Skip to main content

Oh Ruthless Earthquake, Why Must You Come?

When towers stand tall and buildings, firm;
when men and women work to earn;
when children wear their happy smiles;
why must you come and wreck them all?

Out of the blue, there you turn up
uninvited, unexpected and unforeseen;
shake your hips for hardly any seconds,
dancing to music; no man hears.

The beat you dance to,
turns to groans and moans.
The humans cry in despair,
edifices collapse and souls, crushed.

Why must you come when
all you cause is harm and hurt?
Why must you come when
all you cause is sorrow and suffering?

Why must you come when
all you leave is chaos and corpses?
Why must you come when
all you leave is destruction and dismay?

And in silence you will escape,
leaving people relieved but for a while.
For the few seconds of your emergence,
leaves behind wreckage and ‘SOS’s.

Even if we beg you not to return,
you will, intending a worse destruction.
You’re ruthless, you’re savage,
for you, structures are weak; men, weaker.


  1. This comment has been removed by the author.

  2. What a beautiful poem! It reflects your compassion towards the victims of this devastating earthquake and your helplessness against the forces of nature.

  3. Beautifully written. Read your writings on instagram and instantly checked your blog. Keep up the good work.

  4. This comment has been removed by the author.


Post a Comment

Popular posts from this blog


Lhakyila is a 17 year old comedienne from Kathmandu, Nepal. She is an 11th-grader, studying Humanities at Rupy’s International School. She makes funny videos and posts these on Instagram, where she currently has more than 5k followers.
We sat down together a week back in the very cozy Hello CafĂ© in Boudha, Nepal for cups of coffee and some snacks, talked about our lives and her vines. (A vine is a short video, usually 5 to 10 seconds long of compiled clips of random stuff. They are frequently posted on social websites such as Facebook, Instagram, Twitter etc.) Our conversation moved from some weird jokes to rather more serious themes. 
Tenzin Woesel: Hello, I am Tenzin Woesel. I have started a project to interview young talented Tibetans around the globe to make people of the world aware that Tibet is an independent nation and has its own celebrities just like other nations. With this project, I also intend to appreciate  and encourage young Tibetan women like you who are talented and a…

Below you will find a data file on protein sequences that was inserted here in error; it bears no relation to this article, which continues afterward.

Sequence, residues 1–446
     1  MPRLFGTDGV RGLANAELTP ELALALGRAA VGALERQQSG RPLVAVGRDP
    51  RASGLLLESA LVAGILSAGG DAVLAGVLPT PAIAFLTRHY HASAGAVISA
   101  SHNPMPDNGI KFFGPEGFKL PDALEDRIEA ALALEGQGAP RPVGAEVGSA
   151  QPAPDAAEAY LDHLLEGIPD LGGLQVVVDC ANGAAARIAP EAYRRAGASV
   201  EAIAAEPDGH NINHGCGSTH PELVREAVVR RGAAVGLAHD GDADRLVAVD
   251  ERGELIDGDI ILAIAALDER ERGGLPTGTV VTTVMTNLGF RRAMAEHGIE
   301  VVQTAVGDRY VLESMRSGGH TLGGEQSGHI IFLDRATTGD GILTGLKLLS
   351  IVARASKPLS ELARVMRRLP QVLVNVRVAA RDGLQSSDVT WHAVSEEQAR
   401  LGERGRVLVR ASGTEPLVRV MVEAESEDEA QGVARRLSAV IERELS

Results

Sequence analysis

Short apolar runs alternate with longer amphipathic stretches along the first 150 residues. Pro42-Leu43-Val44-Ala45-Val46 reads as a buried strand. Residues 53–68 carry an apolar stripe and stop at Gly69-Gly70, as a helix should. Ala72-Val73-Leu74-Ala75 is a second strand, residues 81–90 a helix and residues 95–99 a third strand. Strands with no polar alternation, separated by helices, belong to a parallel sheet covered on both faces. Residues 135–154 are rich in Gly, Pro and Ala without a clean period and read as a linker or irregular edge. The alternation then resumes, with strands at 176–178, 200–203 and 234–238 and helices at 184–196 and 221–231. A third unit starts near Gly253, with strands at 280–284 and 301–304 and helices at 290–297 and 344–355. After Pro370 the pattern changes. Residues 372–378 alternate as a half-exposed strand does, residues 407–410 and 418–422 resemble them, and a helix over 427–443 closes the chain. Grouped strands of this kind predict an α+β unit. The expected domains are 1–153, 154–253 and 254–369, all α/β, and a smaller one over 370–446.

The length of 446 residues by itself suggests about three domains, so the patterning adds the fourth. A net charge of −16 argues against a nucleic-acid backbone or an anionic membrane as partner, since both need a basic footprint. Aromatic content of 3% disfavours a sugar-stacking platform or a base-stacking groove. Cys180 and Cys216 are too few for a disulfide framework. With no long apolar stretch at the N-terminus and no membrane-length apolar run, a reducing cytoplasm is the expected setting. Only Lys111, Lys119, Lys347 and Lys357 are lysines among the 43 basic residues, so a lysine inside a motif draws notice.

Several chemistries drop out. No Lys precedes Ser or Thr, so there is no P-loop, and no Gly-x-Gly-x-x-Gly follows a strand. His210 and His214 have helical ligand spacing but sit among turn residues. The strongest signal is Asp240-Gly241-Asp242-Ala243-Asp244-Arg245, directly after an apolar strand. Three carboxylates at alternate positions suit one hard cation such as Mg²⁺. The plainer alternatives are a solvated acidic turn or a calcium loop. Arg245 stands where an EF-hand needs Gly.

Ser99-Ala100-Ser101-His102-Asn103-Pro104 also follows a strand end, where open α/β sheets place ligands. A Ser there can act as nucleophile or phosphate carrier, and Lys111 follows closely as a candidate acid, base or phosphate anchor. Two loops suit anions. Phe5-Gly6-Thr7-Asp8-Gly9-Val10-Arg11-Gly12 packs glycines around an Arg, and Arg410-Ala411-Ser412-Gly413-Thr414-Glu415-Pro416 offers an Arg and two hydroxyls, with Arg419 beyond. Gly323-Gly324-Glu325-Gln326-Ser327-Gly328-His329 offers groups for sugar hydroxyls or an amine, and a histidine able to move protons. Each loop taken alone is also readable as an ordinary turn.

Tibetan New Year; LOSAR

Tibet is known as ‘The Roof of the World’. It has the highest plateau region on earth. It neighbours China on the north and India, Nepal, and Bhutan on the south.  The country is the source of river Brahmaputra, Indus, and many other major rivers flowing to India and south Asia. It is the homeland to His Holiness the 14th Dalai Lama and 6 million Tibetans scattered all across the globe. We have been in India as refugees for the last 60 years.

Tibetan New Year also known as Losar (‘Lo’ literally means ‘Year’ and ‘Sar’ means ‘New’) is the most important festival on the Tibetan calendar. It falls very close to the Mongolian and Chinese New Year following a lunar calendar. The festivities last for 15 days and the first three days are the most important.  This year, it falls on the 2nd of March. According to Tibetan Calendar, it will be the first day of the Wood-Horse year 2141. We go to temples and worship, hang colourful prayer flags, sing and dance. We drink ‘chang’ (fermented rice bee…

Bare Tree

I’m a bare tree, just a bare tree. I bear no flower, no scent, No leaf and no fruit. I stand alone, all alone. I’m a bare tree, just a bare tree.
I once had flowers, others envied. A fruits-laden tree, many admired. I had leaves that beautified me. I looked complete but not anymore; I’m a bare tree, just a bare tree.
For long I stared at the tree next to me, It looked beautiful just as I used to be. The breeze carried the scent from its flowers. The leaves and the fruits made me feel; I’m a bare tree, just a bare tree.
I too had the flowers and the scent. I had the leaves and the fruits. I looked beautiful; not anymore. They left me all alone to say - “I’m a bare tree, just a bare tree.”